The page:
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Keystone Resort defends safety protocols after snowboarder questions disciplinary action

Taylor Sienkiewicz, Summit Daily News

KEYSTONE RESORT — Johnathan Buckhouse, a YouTube personality who creates videos about snowboarding, posted two videos about an incident at Keystone Resort that received 216,000 views within three days. The videos show Buckhouse snowboarding with three of his friends on Keystone’s Schoolmarm beginner run. 

The group was asked to slow down and later was stopped by members of Keystone’s mountain safety team. The interaction was contentious at times, with the group of snowboarders disputing the allegation that they had ridden too fast or ignored calls to slow down.

The snowboarders were asked to take a safety course within two weeks as a requirement of keeping their season pass privileges.

Buckhouse made the videos to refute the claims of mountain safety staff and gather public opinion on the incident.

When asked about the incident, Keystone spokeswoman Loryn Roberson said the resort would not comment on a specific passholder incident, but she discussed the rationale behind heightened safety awareness on Schoolmarm.

“Our point of view is that safety is a high priority for us,” Roberson said. “It’s our designated family ski trail, so that is one of the green runs on the mountain that we encourage beginners to go on, and we want them to feel comfortable and not have people skiing past them.”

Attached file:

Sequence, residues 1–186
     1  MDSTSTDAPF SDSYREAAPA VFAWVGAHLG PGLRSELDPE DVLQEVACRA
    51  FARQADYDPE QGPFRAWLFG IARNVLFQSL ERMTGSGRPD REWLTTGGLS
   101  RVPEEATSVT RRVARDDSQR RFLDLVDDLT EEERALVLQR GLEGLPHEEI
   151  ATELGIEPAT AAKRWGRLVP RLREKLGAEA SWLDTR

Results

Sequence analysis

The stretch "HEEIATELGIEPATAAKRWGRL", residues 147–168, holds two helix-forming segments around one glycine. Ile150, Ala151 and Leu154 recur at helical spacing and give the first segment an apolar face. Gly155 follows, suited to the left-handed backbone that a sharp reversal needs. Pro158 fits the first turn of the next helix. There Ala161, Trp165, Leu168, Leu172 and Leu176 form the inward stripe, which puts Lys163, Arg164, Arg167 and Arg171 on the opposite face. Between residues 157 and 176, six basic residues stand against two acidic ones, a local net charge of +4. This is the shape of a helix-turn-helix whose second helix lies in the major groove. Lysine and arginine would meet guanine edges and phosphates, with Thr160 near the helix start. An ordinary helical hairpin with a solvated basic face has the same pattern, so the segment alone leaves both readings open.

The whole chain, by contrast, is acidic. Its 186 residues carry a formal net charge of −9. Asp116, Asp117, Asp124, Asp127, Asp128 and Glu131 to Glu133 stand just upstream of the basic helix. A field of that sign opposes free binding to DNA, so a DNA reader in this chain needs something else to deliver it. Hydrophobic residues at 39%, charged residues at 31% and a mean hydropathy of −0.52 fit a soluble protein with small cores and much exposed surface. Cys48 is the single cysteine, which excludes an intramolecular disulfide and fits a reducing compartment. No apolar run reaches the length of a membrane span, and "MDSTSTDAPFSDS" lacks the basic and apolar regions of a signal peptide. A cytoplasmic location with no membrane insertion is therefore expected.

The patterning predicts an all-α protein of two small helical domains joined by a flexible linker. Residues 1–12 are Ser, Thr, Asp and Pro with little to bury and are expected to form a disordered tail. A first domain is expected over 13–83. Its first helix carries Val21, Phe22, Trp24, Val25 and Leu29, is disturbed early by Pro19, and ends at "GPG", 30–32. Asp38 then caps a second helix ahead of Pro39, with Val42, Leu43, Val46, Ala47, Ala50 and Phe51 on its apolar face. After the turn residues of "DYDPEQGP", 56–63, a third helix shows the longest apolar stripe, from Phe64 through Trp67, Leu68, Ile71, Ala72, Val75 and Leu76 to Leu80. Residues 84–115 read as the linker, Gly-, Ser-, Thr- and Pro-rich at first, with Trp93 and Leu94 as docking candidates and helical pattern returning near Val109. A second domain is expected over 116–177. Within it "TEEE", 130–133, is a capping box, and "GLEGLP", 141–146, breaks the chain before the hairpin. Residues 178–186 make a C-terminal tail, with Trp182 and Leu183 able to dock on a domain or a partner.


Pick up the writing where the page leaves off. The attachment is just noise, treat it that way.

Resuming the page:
Roberson emphasized that in a beginner area, skiers and snowboarders are expected to ride at a speed that makes beginners around them feel safe. 

“We expect guests to maintain a speed no faster than the general flow of traffic,” Roberson said. 

While Schoolmarm is a designated slow zone, the run often contains people with a wide range of skill levels because riders are funneled onto the area as one of the main ways to get to the Mountain House base area, especially in the early season when it is one of the first runs open.

Buckhouse reported in his video that he did attend the safety class in order to keep his pass but that he does not believe employees were correct in their decision to enforce disciplinary action. 


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